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Explanation Of An Ancient Woodcut

EARLY within his workshop here,
On Sundays stands our master dear;
His dirty apron he puts away,
And wears a cleanly doublet to-day;
Lets wax'd thread, hammer, and pincers rest,
And lays his awl within his chest;
The seventh day he takes repose
From many pulls and many blows.

Soon as the spring-sun meets his view,
Repose begets him labour anew;
He feels that he holds within his brain
A little world, that broods there amain,
And that begins to act and to live,
Which he to others would gladly give.

He had a skillful eye and true,
And was full kind and loving too.
For contemplation, clear and pure,--
For making all his own again, sure;
He had a tongue that charm'd when 'twas heard,
And graceful and light flow'd ev'ry word;
Which made the Muses in him rejoice,
The Master-singer of their choice.

And now a maiden enter'd there,
With swelling breast, and body fair;
With footing firm she took her place,
And moved with stately, noble grace;
She did not walk in wanton mood,
Nor look around with glances lewd.

She held a measure in her hand,
Her girdle was a golden band,
A wreath of corn was on her head,
Her eye the day's bright lustre shed;
Her name is honest Industry,
Else, Justice, Magnanimity.

She enter'd with a kindly greeting;
He felt no wonder at the meeting,
For, kind and fair as she might be,
He long had known her, fancied he.

"I have selected thee," she said,
"From all who earth's wild mazes tread,
That thou shouldst have clear-sighted sense,
And nought that's wrong shouldst e'er commence.
When others run in strange confusion,
Thy gaze shall see through each illusion
When others dolefully complain,
Thy cause with jesting thou shalt gain,
Honour and right shalt value duly,
In everything act simply, truly,--
Virtue and godliness proclaim,
And call all evil by its name,
Nought soften down, attempt no quibble,
Nought polish up, nought vainly scribble.
The world shall stand before thee, then,
As seen by Albert Durer's ken,
In manliness and changeless life,
In inward strength, with firmness rife.
Fair Nature's Genius by the hand
Shall lead thee on through every land,
Teach thee each different life to scan,
Show thee the wondrous ways of man,
His shifts, confusions, thrustings, and drubbings,
Pushings, tearings, pressings, and rubbings;
The varying madness of the crew,
The anthill's ravings bring to view;
But thou shalt see all this express'd,
As though 'twere in a magic chest.
Write these things down for folks on earth,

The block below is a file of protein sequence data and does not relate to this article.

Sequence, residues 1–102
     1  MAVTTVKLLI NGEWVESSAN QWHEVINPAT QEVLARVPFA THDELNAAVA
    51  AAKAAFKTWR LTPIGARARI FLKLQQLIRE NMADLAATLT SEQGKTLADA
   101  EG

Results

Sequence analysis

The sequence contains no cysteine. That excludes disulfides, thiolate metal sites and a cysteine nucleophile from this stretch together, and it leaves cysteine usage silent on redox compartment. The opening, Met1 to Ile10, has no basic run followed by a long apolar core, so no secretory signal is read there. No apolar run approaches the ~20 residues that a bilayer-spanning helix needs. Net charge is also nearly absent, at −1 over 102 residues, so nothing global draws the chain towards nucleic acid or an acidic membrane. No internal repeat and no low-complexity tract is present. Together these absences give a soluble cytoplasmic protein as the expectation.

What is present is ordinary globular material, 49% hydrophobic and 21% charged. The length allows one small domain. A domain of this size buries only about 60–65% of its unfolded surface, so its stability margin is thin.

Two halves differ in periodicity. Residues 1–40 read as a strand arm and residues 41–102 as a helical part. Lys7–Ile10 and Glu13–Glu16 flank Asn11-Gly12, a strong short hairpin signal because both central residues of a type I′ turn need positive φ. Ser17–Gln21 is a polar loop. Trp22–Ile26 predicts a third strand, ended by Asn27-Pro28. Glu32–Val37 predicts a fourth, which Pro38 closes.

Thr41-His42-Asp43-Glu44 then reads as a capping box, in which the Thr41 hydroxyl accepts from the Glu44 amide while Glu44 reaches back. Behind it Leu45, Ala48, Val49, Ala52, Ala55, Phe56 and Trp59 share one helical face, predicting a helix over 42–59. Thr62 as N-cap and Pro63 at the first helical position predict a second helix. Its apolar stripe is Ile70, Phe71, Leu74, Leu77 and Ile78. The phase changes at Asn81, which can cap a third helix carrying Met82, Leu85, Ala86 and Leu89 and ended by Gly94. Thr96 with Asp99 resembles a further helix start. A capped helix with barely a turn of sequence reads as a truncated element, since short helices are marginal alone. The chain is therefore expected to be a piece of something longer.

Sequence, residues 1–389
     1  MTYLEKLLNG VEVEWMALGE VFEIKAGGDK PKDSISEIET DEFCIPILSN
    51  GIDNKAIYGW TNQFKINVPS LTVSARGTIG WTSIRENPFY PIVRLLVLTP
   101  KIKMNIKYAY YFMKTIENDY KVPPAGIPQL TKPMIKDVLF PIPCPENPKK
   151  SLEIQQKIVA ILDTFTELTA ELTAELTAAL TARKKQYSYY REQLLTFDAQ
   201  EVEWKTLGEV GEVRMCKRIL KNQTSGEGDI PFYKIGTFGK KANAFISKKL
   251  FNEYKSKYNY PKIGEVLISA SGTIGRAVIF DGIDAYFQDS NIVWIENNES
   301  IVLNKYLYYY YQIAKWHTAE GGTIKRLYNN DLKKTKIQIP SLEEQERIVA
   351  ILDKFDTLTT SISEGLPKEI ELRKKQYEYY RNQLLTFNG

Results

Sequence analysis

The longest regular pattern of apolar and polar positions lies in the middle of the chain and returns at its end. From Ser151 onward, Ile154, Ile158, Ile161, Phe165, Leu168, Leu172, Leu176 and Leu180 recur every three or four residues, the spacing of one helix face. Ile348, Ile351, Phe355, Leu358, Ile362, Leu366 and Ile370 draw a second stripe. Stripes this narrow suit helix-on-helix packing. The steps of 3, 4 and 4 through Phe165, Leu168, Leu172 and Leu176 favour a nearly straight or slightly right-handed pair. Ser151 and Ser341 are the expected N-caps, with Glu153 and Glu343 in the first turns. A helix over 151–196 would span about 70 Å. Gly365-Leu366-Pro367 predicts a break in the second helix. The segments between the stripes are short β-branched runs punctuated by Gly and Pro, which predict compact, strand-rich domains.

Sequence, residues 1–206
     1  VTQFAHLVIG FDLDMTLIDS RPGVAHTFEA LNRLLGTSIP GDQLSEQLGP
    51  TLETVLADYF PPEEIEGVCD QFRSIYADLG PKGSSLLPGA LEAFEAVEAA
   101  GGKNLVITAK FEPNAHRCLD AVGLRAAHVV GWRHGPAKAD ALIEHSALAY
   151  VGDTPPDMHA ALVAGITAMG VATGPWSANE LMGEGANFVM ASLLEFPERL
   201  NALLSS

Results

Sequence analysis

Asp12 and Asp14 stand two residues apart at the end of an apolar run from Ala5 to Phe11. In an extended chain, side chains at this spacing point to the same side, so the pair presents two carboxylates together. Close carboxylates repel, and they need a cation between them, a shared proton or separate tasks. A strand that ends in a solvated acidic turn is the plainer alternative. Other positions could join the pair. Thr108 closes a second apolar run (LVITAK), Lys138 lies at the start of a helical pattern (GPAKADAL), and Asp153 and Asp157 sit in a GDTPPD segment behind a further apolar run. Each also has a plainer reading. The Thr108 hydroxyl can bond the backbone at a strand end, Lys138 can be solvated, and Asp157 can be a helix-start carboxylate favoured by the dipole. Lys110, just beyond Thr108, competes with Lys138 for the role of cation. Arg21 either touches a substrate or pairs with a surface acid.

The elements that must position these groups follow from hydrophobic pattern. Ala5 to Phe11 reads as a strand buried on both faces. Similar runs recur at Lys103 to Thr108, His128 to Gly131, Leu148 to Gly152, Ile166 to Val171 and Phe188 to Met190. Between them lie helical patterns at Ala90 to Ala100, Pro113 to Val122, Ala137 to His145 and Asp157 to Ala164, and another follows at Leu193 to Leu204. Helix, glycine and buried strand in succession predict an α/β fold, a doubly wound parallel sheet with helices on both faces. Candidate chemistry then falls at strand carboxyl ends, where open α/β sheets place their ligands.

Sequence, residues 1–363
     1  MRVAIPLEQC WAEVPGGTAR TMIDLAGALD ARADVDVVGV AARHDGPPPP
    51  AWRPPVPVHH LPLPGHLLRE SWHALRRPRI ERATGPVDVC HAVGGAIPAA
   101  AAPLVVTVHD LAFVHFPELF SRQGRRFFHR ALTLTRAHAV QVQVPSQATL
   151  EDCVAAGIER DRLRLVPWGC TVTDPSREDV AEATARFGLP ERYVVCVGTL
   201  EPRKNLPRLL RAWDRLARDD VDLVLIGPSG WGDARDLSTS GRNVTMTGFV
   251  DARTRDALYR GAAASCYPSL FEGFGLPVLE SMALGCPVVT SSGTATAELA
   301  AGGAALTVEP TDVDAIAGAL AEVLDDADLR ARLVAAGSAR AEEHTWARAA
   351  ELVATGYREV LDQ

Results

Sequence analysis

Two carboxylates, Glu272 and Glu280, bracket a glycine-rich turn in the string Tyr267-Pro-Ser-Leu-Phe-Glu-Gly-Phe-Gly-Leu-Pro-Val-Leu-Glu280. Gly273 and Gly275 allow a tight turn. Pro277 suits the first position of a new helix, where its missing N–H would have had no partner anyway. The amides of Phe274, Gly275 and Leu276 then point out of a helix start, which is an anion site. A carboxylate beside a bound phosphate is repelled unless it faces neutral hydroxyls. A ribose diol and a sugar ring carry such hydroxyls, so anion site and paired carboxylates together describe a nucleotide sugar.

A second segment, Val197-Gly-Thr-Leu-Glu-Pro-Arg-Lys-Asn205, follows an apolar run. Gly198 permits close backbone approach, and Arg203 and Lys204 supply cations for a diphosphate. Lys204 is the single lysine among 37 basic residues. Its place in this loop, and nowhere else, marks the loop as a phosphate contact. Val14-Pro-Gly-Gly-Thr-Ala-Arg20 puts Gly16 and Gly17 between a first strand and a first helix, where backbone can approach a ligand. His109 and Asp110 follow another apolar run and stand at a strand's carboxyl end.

In hopes they may to wit give birth."--
Then she a window open'd wide,
And show'd a motley crowd outside,
All kinds of beings 'neath the sky,
As in his writings one may spy.

Our master dear was, after this,
On Nature thinking, full of bliss,
When tow'rd him, from the other side
He saw an aged woman glide;
The name she bears, Historia,
Mythologia, Fabula;
With footstep tottering and unstable
She dragg'd a large and wooden carved-table,
Where, with wide sleeves and human mien,
The Lord was catechizing seen;
Adam, Eve, Eden, the Serpent's seduction,
Gomorrah and Sodom's awful destruction,
The twelve illustrious women, too,
That mirror of honour brought to view;
All kinds of bloodthirstiness, murder, and sin,
The twelve wicked tyrants also were in,
And all kinds of goodly doctrine and law;
Saint Peter with his scourge you saw,
With the world's ways dissatisfied,
And by our Lord with power supplied.
Her train and dress, behind and before,
And e'en the seams, were painted o'er
With tales of worldly virtue and crime.--
Our master view'd all this for a time;
The sight right gladly he survey'd,
So useful for him in his trade,
Whence he was able to procure
Example good and precept sure,
Recounting all with truthful care,
As though he had been present there.
His spirit seem'd from earth to fly,
He ne'er had turned away his eye,
Did he not just behind him hear
A rattle of bells approaching near.
And now a fool doth catch his eye,
With goat and ape's leap drawing nigh
A merry interlude preparing
With fooleries and jests unsparing.
Behind him, in a line drawn out,
He dragg'd all fools, the lean and stout,
The great and little, the empty and full,
All too witty, and all too dull,
A lash he flourish'd overhead,
As though a dance of apes he led,
Abusing them with bitterness,
As though his wrath would ne'er grow less.

While on this sight our master gazed,
His h
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Submitted on May 13, 2011

3:59 min read

Johann Wolfgang von Goethe

Johann Wolfgang von Goethe was a German writer and politician. more…

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